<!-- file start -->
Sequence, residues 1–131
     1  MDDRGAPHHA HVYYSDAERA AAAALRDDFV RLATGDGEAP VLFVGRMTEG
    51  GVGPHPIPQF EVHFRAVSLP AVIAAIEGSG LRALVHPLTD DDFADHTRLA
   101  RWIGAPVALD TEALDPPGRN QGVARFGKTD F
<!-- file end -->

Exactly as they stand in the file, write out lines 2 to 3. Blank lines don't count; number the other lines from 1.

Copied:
     1  MDDRGAPHHA HVYYSDAERA AAAALRDDFV RLATGDGEAP VLFVGRMTEG
    51  GVGPHPIPQF EVHFRAVSLP AVIAAIEGSG LRALVHPLTD DDFADHTRLA